Visioning

photography and digital scrapbooking


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Autumn Winged Things

Changes are in the air and the winged things are even more delightful to watch. Hummingbirds are frantically active; chattering and fighting over the feeders we provide for them. They are molting at this time of year. We sometimes see tiny feathers fall as they hover near the feeders. I found one and saved it.

Carpenter bees are desperate to find the last grains of pollen. They especially like the sedum and basil flowers. This female worker was aware of my presence and constantly adjusted her position to face me and stay a comfortable distance. Persistence on my part paid off when she let down her guard for a moment.

Yellow leaves have already begun floating into the yard. We will have a lot to rake or blow into piles and bag. But I don’t mind. I like the exercise and being outside in the cool autumn air.

Numerous butterflies were a constant and welcome sight this summer. They are still visiting the butterfly bush from early morning until almost dark.

Summer went by quickly. But autumn is my favorite season, so I am welcoming it and getting ready to make some changes myself. Enjoy your week and remember to peek at the little winged things if you have them nearby!

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Poetry of the Earth

Poetry of the Earth digital layout

Journaling: Hints of autumn are renewing my energy for nature photography! Cool nights and warm days are also renewing my flowering plants. I am thankful for the butterflies, bees, and hummingbirds who visit my flowers; coming together as poetry of the Earth.

CVW_QuickStarts_1, font: AMC_ChalkTalk.

All photos: Canon 60D, RAW format, handheld (except hummingbird photo).

Click on photos and layout to enlarge.

Grandmother's Pincushion blossom

ISO 500, 100mm, f/7.1, 1/160.

Dark pink blossom from my Grandmother’s Pincushion plant.

Female Eastern Tiger Swallowtail Butterfly

ISO 1000, 100mm, f/4.0, 1/1250.

Female Eastern Tiger Swallowtail visiting the Butterfly Bush.

Female Ruby-throated hummingbird

ISO 400, 100mm, f/3.5, 1/250.

Ruby-throated hummingbird surveying the territory before drinking at the window feeder.

Bumblebee

ISO 400, 100mm, f/2.8, 1/200.

A bumblebee intent on gathering pollen.

white sweet william blossom

ISO 400, 100mm, f/5.6, 1/1000.

Sweet William blossoms. A favorite of butterflies and bees.

cherry tomatoes

ISO 500, 100mm, f/5.0, 1/200.

Sungold cherry tomato plants. The stalks have grown wild; allowing some fruit to rest on the retaining wall.

Pink Sedum

ISO 500, 100mm, f/8.0, 1/500.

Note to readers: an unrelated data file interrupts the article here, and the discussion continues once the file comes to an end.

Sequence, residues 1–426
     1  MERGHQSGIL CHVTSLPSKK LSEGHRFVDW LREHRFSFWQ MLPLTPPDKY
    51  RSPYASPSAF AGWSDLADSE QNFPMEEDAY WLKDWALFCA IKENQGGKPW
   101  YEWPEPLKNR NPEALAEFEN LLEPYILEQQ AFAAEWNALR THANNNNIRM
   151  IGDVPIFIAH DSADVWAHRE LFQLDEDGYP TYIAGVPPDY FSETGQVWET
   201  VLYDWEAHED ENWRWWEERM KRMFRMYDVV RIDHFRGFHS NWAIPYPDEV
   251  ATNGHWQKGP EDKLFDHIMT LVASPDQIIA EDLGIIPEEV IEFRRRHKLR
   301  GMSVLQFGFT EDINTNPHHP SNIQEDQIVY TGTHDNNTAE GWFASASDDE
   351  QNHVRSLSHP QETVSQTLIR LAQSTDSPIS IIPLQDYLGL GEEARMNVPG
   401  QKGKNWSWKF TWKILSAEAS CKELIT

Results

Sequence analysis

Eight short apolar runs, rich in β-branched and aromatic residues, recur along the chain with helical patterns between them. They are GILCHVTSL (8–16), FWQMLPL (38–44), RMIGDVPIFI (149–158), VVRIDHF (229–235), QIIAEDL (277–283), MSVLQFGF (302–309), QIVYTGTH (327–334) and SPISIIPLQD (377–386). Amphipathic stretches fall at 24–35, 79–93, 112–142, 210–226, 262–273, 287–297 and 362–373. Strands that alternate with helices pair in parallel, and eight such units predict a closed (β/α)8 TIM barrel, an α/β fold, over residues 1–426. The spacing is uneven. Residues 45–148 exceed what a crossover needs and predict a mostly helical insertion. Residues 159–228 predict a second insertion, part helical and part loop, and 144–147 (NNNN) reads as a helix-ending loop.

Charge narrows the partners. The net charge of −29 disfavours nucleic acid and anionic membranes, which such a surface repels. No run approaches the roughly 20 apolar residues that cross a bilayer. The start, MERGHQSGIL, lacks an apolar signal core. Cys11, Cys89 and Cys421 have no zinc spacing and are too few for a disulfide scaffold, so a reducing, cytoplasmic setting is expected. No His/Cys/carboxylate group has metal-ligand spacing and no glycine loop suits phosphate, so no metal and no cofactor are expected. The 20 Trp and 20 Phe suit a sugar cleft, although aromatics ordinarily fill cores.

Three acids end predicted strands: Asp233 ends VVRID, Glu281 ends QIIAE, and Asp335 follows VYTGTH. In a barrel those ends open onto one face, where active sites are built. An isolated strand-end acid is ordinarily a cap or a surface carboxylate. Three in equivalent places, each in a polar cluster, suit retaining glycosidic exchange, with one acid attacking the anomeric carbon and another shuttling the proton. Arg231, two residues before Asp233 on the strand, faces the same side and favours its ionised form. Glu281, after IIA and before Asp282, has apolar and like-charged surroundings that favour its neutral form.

Another favorite of bees, Sedum blossoms start out very light pink and darken over a period of weeks.


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Wild and Cultivated

This has been a difficult summer for my photography. Blazing bright sunlight, temperatures that rarely dipped below the mid 90s, and serious allergy symptoms made the prospect of nature photography undesirable. When I did venture out, it was mostly in my backyard. Luckily, I have a bit of color there and recently captured some of my favorite wild and cultivated subjects.

Click on the photos to enlarge.

male Eastern Tiger Swallowtail

Male Eastern Tiger Swallowtail enjoying the nectar from my Sweet William plants. He was not as calm as the female I photographed a few days ago, but finally paused long enough for me to take a handheld macro photo. f2.8,  ISO 200, shutter speed 1/640.

homegrown heirloom tomatoes

A cooperative effort this year produced our tasty heirloom tomato varieties. I started seeds in February and nurtured them to the seedling stage. Then Larry took responsibility for watering, pruning, natural insect and fungus control, and harvesting. I cooked two large batches of spaghetti sauce to freeze, many entrees and salads using fresh tomatoes, and batches of roasted tomatoes that we enjoy adding to heirloom bean dishes. We also gave tomatoes to several neighbors every week.

squirrel

The squirrels in our backyard are mostly a nuisance; eating the birdseed and sometimes chewing the feeders. But they are cute and I caught this happy guy munching sunflower seeds.

sweet william blossoms

I started Sweet William plants from seed this year and decided to plant them in large pots. They bloom continuously in pretty shades of purple, pink, white and a multi-colored blossom of pinks. We keep them in the shade most of the time because of the heat, but they bloom well with morning sun and little other care except watering. Their lovely fragrance is one I have not enjoyed since childhood.